This answer assumes you have a master database/table of clients and their associated database names, or some way to figure out which databases in a given instance of SQL Server have relevant databases that you want to query.
Since this is for reporting purposes, you may want to implement some form of snapshotting technique to ensure the data sets consolidate to the same point in time, on at least a per-client basis. As a nice side effect, these techniques usually also alleviate locking/blocking effects of running these types of queries directly against the production data.
Pure Dynamic SQL
Using the master list, build up a SQL statement that uses 3-part names like you're doing now, but instead, inject the database name dynamically. It's unclear from the question what format the data is going to end up in, but it sounds like you want to
UNION ALL everything together, which is easily accomplished.
This may be advantageous for you now because it will require very little up-front work.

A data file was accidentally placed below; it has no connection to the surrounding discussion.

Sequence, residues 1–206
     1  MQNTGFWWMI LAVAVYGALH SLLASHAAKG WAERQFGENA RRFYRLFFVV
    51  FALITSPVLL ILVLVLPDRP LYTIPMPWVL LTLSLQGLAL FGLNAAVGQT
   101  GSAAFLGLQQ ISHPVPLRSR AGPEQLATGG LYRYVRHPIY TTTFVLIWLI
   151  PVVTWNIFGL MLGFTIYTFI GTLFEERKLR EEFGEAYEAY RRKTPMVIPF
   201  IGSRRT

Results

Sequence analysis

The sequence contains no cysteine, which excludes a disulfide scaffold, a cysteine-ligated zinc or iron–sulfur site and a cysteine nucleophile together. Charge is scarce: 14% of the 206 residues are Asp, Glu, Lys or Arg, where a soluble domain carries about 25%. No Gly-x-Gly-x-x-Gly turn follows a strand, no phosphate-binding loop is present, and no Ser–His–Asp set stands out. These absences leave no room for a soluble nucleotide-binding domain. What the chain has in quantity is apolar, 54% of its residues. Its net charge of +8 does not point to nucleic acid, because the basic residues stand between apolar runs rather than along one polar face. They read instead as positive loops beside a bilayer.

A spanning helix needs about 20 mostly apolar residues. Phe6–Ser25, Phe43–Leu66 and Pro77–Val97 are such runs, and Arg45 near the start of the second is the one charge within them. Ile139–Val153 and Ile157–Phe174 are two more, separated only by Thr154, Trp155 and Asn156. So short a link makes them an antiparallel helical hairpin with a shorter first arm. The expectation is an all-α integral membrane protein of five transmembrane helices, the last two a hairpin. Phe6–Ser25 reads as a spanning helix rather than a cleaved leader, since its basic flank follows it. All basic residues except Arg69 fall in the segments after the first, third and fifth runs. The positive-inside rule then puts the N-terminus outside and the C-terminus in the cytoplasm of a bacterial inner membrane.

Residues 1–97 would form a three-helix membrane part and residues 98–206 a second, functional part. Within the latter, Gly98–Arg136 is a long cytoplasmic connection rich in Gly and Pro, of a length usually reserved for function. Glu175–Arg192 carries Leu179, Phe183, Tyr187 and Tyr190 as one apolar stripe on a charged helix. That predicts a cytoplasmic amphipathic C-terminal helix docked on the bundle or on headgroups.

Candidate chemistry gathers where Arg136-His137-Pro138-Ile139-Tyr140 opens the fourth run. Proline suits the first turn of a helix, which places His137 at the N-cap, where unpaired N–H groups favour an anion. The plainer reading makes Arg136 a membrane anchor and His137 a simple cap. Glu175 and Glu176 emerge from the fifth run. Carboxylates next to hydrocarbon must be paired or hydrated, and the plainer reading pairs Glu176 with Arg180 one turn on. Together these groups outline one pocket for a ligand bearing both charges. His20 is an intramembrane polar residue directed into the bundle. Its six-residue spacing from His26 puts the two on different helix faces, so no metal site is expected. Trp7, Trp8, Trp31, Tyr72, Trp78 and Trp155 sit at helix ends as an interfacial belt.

The downside is that this approach is not very flexible and quickly becomes complicated if you need to run the query when the individual database revisions are different (i.e., the query was tied to a given database revision, and when a database update was deployed, it didn't succeed for all clients). It also may have problems or complications depending on the security model you're using for these databases.
Database-Based Object(s) + Dynamic SQL
This solution creates permanent objects within every database which you can query in an external process. Usually this means a view, stored procedure, or table-valued function. Dynamic SQL will be used to inject the database names into the query as above, but this time all that's needed is to select from, or execute, the database object instead of the raw query directly.
This method gives all the advantages of protecting your code behind an interface just like it would by using views, stored procs, etc., in application code. This also solves the security issues much more easily.
The disadvantage, of course, is that this needs a little more up-front work and management, and that the queried object(s) can only be deployed in database updates, instead of independently.
My personal opinion is that the latter approach is a much better long-term solution, so in this type of scenario, that's the one I would opt for. For ad-hoc types of queries, using the pure dynamic SQL approach is fine.